Design/methodology/approach

The authors conducted a multiple case study of three firms using digital platforms to coordinate solution networks in the information communication technology and lighting facility industries. Data were collected from 30 semi-structured interviews, which are complemented by secondary data.

Findings

As task complexity increases, smarter digital interfaces are adopted. When the intelligence level of interfaces is low or moderate, they are only used as tools by boundary spanners or to support boundary spanners’ functions. When the intelligence level of interfaces is high or very high, boundary spanners design the interfaces and let them perform tasks autonomously. They are also sometimes employed to complement interfaces’ technological limitations and customers’ limited user ability.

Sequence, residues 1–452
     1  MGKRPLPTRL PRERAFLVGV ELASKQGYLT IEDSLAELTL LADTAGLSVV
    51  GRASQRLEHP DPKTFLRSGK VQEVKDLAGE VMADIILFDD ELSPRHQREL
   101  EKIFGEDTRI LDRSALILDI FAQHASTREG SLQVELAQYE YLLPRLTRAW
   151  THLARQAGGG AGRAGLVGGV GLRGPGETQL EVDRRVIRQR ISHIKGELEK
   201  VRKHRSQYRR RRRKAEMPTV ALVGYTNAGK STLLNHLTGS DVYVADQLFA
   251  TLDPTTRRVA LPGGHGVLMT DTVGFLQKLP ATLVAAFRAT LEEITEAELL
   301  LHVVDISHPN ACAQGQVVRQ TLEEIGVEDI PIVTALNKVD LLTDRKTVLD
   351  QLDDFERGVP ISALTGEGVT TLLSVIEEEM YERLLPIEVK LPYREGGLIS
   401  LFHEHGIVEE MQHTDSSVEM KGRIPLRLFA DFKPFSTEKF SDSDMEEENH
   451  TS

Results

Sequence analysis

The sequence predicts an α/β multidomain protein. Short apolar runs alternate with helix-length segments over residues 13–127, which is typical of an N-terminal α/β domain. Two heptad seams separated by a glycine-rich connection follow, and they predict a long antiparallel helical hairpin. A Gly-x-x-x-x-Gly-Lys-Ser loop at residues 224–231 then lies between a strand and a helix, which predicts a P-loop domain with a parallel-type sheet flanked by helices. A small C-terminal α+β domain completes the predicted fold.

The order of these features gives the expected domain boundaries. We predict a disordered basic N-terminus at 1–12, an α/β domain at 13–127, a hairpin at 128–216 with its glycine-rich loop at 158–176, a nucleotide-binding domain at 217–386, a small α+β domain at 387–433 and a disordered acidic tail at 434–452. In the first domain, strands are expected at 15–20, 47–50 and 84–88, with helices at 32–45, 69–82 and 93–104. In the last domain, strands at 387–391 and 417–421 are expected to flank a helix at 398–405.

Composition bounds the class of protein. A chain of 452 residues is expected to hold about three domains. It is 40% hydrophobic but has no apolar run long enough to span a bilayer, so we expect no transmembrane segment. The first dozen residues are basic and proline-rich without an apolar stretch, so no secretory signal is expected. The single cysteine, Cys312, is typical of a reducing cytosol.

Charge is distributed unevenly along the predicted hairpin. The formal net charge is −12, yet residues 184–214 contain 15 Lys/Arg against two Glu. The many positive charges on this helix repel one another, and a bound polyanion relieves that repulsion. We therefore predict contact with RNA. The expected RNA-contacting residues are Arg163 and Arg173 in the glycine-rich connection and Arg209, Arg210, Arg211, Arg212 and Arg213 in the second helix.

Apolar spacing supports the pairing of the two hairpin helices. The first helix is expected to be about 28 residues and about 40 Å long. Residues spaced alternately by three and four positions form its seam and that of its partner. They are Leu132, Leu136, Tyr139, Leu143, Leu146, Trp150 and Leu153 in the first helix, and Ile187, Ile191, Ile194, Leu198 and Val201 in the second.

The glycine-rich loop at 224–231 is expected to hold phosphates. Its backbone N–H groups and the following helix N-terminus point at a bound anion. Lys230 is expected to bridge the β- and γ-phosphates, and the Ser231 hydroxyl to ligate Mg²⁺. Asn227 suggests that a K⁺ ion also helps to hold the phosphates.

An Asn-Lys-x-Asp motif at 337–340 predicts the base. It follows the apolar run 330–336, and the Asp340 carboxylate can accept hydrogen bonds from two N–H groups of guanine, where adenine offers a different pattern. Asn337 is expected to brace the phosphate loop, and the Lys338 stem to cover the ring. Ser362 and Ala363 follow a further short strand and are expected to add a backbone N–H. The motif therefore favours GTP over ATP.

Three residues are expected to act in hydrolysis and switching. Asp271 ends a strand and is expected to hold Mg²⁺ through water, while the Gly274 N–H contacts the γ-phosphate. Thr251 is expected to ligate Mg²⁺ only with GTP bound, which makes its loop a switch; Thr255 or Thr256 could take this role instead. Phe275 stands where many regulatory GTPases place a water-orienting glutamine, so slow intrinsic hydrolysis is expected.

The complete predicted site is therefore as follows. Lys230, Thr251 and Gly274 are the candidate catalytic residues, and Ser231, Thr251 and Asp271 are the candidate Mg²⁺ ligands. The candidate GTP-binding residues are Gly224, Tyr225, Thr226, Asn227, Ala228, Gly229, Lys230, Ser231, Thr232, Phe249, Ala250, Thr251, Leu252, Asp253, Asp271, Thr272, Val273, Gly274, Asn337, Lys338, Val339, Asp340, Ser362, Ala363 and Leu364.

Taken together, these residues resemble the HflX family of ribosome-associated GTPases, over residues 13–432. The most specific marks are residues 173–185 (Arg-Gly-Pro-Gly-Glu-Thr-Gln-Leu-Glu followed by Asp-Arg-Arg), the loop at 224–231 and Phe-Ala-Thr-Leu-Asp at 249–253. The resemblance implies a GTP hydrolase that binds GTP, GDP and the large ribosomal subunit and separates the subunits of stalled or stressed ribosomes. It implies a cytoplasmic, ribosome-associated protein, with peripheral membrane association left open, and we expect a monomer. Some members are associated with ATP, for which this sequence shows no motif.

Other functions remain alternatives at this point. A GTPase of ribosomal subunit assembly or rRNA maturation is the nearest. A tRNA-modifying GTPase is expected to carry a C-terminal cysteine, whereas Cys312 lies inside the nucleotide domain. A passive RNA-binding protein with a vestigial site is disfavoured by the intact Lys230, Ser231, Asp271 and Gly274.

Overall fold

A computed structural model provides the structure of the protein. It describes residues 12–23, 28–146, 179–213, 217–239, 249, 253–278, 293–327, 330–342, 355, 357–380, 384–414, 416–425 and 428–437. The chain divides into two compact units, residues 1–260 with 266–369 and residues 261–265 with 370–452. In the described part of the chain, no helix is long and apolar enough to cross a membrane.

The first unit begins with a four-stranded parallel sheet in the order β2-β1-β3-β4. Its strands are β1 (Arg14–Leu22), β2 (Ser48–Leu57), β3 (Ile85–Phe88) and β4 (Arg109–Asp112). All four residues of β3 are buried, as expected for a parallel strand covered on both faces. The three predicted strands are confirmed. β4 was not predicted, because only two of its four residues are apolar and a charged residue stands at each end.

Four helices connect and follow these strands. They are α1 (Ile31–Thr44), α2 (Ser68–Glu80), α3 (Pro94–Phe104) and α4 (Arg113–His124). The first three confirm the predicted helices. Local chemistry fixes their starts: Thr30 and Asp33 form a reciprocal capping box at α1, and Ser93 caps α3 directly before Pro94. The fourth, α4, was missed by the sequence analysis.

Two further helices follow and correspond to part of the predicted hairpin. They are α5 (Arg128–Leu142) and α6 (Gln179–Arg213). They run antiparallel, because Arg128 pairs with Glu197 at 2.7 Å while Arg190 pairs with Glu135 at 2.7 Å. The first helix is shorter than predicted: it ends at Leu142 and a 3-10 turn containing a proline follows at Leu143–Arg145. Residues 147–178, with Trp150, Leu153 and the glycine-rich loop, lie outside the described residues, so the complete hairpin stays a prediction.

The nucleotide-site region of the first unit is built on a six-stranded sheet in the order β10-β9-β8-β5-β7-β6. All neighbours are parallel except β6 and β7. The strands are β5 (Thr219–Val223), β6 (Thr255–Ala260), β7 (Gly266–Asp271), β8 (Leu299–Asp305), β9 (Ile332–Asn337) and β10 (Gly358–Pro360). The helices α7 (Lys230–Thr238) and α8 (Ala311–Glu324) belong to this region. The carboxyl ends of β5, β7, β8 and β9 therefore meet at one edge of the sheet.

Research limitations/implications

The industry contexts of the cases may influence the results. Qualitative case data has limited generalizability.

Practical implications

This study offers a practical tool for solution providers to effectively deploy boundary employees and digital technologies to offer diverse customized solutions simultaneously.

Originality

This study contributes to the solution business literature by putting forward a framework of boundary resource interactions in coordinating solution networks in a digital platform context. It contributes to the boundary spanning literature by revealing the shifting functions of boundary spanners and boundary interfaces.

Details

European Journal of Marketing, vol. ahead-of-print no. ahead-of-print
Type: Research Article
ISSN: 0309-0566